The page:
Firm's Closing Spells End for Supercomputer Competition

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Virginia educators whose school won a $1-million supercomputer last year in a widely publicized contest expressed dismay last week over the unexpected end of the national competition.

The closing of the "Superquest" competition after only one year was the result of a decision by the Control Data Corporation to shut down eta Systems Inc., its supercomputer subsidiary and the contest's sponsor.

The move was "a terrible blow to computer education," according to a teacher at the Annandale, Va., high school that won the competition.

Donald W. Hyatt, laboratory director for the computer-science center at the Thomas Jefferson High School for Science and Technology, said the planned repetition of the contest this year could have played a major role in stimulating creative thinking among advanced computer students.

Mr. Hyatt noted that the 2,000 entries in this year's competition had already been reduced to 71 teams of finalists, who would have gone through further intensive tests of programming skill and originality before a winner was selected.

Last summer, a team of four students coached by Mr. Hyatt won the eta10 supercomputer, which can perform as many as 375 million calculations per second.

Published reports said that the Minnesota-based corporation closed eta Systems as part of $490-million restructuring plan aimed at halting a six-year financial slump. The company reportedly lost more than $100 million last year on its supercomputer operations.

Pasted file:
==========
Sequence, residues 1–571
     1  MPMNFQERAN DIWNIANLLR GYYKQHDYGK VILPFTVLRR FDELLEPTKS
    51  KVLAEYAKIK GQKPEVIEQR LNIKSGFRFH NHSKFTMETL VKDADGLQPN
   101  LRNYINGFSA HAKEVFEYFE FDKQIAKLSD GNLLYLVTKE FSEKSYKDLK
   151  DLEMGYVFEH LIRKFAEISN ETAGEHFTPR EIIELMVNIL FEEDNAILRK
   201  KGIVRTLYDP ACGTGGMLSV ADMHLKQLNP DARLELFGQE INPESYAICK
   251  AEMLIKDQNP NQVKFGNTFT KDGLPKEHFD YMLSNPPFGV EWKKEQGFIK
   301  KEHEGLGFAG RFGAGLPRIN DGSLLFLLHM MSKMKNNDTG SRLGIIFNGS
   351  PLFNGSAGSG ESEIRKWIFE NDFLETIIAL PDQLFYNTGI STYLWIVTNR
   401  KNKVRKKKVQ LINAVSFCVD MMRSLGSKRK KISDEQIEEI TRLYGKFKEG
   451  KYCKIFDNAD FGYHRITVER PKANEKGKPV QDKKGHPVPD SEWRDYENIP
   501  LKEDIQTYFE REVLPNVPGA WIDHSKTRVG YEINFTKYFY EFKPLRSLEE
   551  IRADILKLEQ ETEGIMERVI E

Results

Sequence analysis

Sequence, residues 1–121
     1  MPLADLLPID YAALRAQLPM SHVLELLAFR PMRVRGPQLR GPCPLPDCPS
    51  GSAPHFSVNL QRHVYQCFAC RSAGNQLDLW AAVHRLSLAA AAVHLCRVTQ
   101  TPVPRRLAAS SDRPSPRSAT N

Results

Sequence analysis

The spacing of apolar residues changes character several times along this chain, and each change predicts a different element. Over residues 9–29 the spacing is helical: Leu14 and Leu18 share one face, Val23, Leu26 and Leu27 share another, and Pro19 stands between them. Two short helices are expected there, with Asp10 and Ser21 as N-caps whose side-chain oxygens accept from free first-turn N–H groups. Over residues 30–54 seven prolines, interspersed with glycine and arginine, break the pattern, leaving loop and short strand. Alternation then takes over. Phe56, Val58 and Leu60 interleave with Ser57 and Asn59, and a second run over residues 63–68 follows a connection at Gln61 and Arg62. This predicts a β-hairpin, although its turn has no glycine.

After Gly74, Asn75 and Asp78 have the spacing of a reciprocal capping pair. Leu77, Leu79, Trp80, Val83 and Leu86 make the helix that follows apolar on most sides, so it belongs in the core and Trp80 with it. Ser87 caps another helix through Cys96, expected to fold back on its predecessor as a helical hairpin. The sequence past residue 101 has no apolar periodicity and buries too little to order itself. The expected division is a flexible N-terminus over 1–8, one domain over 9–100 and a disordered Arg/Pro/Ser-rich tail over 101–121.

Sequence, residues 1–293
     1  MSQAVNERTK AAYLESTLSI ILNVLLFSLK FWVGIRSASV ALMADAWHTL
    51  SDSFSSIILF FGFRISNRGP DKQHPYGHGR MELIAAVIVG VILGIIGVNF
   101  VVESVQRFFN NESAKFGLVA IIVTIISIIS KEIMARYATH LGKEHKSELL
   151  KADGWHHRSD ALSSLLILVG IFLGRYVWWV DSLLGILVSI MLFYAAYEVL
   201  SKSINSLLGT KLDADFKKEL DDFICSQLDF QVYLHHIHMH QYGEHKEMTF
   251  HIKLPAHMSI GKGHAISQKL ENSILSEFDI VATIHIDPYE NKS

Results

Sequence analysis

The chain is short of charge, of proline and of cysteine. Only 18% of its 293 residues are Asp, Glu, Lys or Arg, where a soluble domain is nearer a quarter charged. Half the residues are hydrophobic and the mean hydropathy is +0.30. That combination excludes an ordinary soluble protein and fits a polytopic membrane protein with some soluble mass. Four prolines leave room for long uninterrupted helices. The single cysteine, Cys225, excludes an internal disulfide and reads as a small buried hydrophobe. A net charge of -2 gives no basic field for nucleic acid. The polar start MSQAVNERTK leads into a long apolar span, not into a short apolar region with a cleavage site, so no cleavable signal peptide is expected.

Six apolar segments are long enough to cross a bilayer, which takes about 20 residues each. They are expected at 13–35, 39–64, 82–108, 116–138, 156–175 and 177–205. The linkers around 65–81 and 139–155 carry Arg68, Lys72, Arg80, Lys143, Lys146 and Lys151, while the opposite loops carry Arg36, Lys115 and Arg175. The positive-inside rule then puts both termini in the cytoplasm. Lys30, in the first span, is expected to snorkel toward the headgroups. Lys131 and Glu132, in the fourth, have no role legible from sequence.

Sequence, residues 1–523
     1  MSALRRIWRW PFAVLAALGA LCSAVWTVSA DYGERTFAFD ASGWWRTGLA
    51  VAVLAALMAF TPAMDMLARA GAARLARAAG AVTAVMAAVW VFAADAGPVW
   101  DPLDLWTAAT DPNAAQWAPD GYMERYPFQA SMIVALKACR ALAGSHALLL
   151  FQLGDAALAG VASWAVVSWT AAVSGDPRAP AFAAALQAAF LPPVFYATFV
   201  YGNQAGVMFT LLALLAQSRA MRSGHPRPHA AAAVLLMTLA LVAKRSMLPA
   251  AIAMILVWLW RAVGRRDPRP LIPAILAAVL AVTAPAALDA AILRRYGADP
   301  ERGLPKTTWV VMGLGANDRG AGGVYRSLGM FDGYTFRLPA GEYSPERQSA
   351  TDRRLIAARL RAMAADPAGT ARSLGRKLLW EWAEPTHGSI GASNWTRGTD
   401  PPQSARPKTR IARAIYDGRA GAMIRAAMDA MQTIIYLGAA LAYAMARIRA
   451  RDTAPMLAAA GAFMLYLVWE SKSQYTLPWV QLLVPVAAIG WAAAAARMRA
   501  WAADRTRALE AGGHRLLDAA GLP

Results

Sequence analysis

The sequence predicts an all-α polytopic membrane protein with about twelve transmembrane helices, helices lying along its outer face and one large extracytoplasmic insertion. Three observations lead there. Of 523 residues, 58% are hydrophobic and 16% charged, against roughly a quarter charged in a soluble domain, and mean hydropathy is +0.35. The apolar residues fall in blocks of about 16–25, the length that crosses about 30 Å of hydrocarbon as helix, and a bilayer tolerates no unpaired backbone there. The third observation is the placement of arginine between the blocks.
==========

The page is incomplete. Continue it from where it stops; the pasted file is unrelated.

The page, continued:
Still, Mr. Hyatt said, "a seed has been planted" at Thomas Jefferson, which proposes to make its machine a "regional resource" for schools in the Washington area.

Moreover, officials at the school expressed confidence last week that Control Data's decision would not cripple operation of the supercomputer.

Under contest rules, eta Systems not only installed the machine, but also promised to operate and maintain it for two years, at an estimated monthly cost of $10,000.

"The phone conversations that we've had with Control Data indicate that they will continue to honor the contract," said Geoffrey Jones, the school's principal. "They don't want to generate ill will."

Thomas Charland, a spokesman for Control Data, said that the school's device will be serviced by the special support team that works on the more than 30 eta10 machines installed nationwide.

Mr. Jones added that the school still intends to have Carl D. Ledbetter, whom he described as the "visionary" founder of eta Systems, as its graduation speaker.--pw

Vol. 08, Issue 31

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